The models proposed makes predictions over 7 layers, the aspect ratios used for all models are the same as in the original paper (Liu et al., 2016). The aspect ratios for prediction layers 1, 6 and 7 are and for prediction layers 2, 3, 4 and 5 are .
The first introduced model is a modified version of the original SSD architecture that reduces the number of filters in the VGG16 backbone in half. This backbone has 13 convolutional layers with 3 × 3 kernels. The input size is reduced from 512 to 32 due to 5 max-pooling operations. A detailed diagram of the Backbone is presented in Figure 3. Additionally, the Extra Feature Layers also reduced its filters in half and is formed by 12 convolutional layers with 1 × 1 and 3 × 3 kernels with strides of 2 that caused feature maps dimension reduction. A detailed diagram of the Extra Feature Layers is presented in Figure 3.
These modifications lessen the number of parameters. The full SSD A architecture is shown in Figure 4.
Previous works like (He et al., 2017) used ResNet configurations as a backbone to improve the performance for detections and instance segmentation tasks but require big datasets for training since its large number of trainable parameters. In the second model, the VGG16 net is replaced with a convolutional network inspire in ResNet50. The new backbone uses two types of building blocks known as identity block and convolutional block. Their unique property is the shortcut connection, which consists of an add operation between an early convolution and the final convolution. A detailed diagram of these blocks is shown in Figure 5. The identity block has 3 convolutional layers and the convolutional block has 4 layers.
The backbone architecture is similar to the ResNet50, but we use the same number of filters in all convolutions in each building block and truncate it at stage 4. In the original ResNet50 model, the last convolution has more filters than the other convolutions in each block. Figure 6 presents the backbone configuration. This backbone has 43 layers. The Extra Feature Layers are configured as in Figure 6 and have 12 layers. These modifications in the model reduce the number of trainable parameters. The full SSD B architecture is shown in Figure 7.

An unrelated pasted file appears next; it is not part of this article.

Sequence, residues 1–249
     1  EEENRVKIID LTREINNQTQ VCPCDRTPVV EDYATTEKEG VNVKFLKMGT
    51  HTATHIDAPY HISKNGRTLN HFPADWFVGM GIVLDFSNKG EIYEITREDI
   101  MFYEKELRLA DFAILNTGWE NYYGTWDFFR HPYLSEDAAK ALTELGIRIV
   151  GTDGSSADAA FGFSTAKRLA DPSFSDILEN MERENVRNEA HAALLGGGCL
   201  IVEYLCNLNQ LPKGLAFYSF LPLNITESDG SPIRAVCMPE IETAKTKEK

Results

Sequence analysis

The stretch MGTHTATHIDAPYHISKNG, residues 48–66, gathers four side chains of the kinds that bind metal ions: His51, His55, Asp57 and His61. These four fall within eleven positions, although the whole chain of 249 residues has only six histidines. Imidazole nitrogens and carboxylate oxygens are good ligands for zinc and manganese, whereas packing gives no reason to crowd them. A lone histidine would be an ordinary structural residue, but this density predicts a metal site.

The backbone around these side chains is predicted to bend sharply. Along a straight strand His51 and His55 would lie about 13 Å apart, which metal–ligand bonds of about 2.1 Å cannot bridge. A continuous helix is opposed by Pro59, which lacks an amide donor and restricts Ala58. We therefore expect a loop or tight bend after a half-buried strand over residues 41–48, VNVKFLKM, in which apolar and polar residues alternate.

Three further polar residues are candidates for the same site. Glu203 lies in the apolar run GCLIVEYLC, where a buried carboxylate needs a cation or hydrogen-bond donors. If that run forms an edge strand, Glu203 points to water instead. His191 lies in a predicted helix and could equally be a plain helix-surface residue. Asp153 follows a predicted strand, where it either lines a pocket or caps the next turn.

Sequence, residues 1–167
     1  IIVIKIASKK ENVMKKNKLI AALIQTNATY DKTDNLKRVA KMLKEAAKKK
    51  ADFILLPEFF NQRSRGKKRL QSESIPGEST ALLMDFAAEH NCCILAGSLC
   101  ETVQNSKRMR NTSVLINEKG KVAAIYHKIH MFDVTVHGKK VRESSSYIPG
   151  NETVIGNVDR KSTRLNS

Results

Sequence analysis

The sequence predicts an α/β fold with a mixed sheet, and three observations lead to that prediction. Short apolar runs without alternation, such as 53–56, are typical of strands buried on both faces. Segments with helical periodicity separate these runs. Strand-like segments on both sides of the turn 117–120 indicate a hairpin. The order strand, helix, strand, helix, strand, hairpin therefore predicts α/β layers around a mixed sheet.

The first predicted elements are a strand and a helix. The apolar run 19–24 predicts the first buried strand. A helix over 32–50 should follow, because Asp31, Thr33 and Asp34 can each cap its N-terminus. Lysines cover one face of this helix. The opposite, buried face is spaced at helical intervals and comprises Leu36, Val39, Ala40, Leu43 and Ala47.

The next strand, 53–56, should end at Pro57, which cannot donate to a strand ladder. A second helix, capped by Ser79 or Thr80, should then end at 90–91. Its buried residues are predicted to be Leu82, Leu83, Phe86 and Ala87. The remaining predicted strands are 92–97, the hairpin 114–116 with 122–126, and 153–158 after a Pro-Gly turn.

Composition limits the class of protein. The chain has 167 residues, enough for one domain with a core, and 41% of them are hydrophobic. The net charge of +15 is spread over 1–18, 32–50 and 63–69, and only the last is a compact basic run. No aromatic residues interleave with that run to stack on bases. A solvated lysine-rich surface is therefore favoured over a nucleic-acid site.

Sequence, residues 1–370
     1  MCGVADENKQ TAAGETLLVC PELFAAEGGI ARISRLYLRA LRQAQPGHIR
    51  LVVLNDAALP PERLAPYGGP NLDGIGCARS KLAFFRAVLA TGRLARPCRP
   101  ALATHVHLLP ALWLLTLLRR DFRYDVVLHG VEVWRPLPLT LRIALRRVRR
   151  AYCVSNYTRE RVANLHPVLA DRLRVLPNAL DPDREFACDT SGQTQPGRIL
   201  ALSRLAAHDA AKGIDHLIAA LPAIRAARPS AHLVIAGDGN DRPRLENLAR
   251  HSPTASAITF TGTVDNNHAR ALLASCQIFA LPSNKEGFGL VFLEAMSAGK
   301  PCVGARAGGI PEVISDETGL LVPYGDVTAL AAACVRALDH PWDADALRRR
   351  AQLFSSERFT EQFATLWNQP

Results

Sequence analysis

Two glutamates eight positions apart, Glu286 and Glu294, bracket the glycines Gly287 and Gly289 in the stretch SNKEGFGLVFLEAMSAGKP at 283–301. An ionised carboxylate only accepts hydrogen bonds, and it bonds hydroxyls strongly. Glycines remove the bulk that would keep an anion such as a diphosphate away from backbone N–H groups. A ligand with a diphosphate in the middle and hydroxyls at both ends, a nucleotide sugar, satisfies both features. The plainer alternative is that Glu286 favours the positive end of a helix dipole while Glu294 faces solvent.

Figure 6. (A) Modified ResNet50 backbone and (B) Modified Extra Feature Layers in SSD B architecture.
An original SSD configuration serves as a baseline for comparing performance with the introduced models. The original model is named SSD O in tables and graphics and shares the same configuration as the SSD A model. The only difference is the number of filters in the convolutional operations.
The code from (Ferrari, 2018), which is a Keras implementation of the original SSD architecture, was modified to run with Tensorflow 2.2. The generator function was transformed to read CSV files from the label datasets. The corresponding architectures presented in this article were developed as functions for the training process. Each training process took about 18 h of time execution, using an Intel i9 computer equipped with 64 Gb of RAM and two GPU cards installed, to complete the job with a learning rate of 0.001.
We utilized stochastic gradient descent (SGD) during 500 epochs to adjust the parameters during the training process. We used data augmentation to change the images with one of four transformations, which could be photometric distortion, expansion, random crop, or random horizontal flip. The intention of using data augmentation is to evade overfitting while training the models. The training process of a model requires only one execution to generate a weights file, that later will be loaded in the model to implement the inference task. Each execution will produce similar results, but not the same since the weights are randomly initialized using a He normal distribution. The resulting learning curves are shown in Figure 8.
Table 1 shows a comparison of the number of parameters within the architectures. The number of parameters is associated with the complexity of the net and the inference time. The inference time denotes how long does the CNN take to produce a prediction. A remarkable characteristic of the SSD architecture is that it delivers what can be considered real-time performance. Table 1 shows the average inference times for each model for each model running over the training computer.
The mean average precision per dataset (Train, Validation, and Testing) is listed in Table 2. This value represents how many target objects are predicted or detected by a CNN. The higher the number obtained, the network performance is better. This value is bounded to the [0,1] interval.
Additionally, the graphs of the mAP for each model and dataset are shown in Figure 9.
The original architecture shows signs of overfitting, caused by a large number of trainable parameters, more than twice the number of parameters of the proposed models. Another factor that contributes to the overfitting is the reduced amount of images of the dataset. Since this model posses a large number of parameters, it shows an undesired behavior conducting to memorize the training data, which results in a high mAP for training and validation but a significant drop for the testing dataset.